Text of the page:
ouler, of Lynn, was Adjutant-General, to which office he had been appointed by Governor Banks; he was also acting Quartermaster and Inspector-General of the Commonwealth,—the entire duties of which offices he performed with the assistance of William Brown, of Boston, clerk, and one man, who had charge of the State arsenal at Cambridge, in which were deposited the arms and munitions of war belonging to the Commonwealth, except those which were loaned to the companies of active militia, and care South Carolina has marshalled herself into revolution; and six States have followed her, and abandoned our Government.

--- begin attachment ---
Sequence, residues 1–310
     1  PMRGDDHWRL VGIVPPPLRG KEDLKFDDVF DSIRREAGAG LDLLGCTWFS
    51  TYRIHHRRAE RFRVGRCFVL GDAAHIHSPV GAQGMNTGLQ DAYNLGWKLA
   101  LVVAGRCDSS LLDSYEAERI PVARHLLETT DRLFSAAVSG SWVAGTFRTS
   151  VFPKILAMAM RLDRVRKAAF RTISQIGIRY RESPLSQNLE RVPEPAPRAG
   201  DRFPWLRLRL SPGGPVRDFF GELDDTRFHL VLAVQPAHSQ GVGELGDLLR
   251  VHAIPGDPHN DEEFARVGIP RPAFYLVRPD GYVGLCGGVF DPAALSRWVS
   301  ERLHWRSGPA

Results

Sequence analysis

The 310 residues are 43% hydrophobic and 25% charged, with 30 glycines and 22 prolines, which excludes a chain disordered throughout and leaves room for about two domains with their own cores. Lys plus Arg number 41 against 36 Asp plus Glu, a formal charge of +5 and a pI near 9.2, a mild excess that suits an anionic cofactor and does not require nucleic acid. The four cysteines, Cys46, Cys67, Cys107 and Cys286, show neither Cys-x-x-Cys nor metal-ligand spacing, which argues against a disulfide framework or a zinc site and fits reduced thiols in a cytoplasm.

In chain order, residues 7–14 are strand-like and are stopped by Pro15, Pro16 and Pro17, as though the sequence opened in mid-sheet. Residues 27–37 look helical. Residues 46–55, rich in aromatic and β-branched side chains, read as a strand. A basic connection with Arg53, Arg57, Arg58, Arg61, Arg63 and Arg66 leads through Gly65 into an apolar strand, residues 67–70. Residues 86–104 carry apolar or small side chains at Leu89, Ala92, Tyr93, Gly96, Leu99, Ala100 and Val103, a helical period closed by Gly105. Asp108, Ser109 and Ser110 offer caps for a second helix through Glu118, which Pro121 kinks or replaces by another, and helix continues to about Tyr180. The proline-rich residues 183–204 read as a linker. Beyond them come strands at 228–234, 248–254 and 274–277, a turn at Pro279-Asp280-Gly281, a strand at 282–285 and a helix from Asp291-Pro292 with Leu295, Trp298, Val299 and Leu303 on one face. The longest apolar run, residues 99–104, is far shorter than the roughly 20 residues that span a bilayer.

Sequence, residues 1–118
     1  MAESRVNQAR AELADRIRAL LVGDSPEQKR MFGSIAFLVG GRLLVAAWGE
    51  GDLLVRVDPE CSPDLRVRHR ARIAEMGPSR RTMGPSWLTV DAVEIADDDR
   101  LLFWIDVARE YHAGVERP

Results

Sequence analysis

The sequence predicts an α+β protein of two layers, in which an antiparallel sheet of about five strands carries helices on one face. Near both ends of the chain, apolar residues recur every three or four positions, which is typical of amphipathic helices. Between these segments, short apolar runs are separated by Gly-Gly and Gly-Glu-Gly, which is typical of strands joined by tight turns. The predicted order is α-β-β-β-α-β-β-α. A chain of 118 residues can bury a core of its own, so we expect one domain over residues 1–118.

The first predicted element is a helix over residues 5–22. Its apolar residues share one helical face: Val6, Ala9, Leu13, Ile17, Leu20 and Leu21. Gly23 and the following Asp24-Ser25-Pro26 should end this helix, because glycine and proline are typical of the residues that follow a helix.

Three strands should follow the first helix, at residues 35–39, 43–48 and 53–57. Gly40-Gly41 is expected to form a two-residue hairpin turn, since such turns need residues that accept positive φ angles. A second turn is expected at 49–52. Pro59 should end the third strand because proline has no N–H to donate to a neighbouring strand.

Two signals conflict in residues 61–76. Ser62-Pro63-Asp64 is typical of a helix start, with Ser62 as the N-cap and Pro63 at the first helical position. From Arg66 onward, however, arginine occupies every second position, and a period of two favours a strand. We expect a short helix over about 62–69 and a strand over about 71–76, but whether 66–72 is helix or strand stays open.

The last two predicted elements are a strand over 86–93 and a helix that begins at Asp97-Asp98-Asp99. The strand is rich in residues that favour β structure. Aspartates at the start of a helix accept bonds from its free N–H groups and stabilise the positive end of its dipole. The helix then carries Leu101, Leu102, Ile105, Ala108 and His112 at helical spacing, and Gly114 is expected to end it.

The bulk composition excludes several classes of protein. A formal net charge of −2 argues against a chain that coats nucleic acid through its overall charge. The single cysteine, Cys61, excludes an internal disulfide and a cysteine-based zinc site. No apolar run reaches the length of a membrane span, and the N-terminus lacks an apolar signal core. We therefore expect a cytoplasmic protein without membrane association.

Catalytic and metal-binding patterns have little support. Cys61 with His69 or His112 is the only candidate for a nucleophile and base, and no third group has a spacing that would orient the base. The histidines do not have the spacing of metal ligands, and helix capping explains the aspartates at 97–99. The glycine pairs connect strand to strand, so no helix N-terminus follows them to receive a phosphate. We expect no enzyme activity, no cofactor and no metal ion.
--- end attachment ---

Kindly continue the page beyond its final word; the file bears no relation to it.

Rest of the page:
Richard H. Dana, Jr., Esq., made the speech of the occasion.
He said the South was in a state of mutiny; he was against John-Brown raids, and uncompromisingly for the Union.
He was opposed to the Crittenden compromise, and held to the faith of Massachusetts.
This meeting uttered the sentiments of the majority of the State, and was designed as a counterblast to the meeting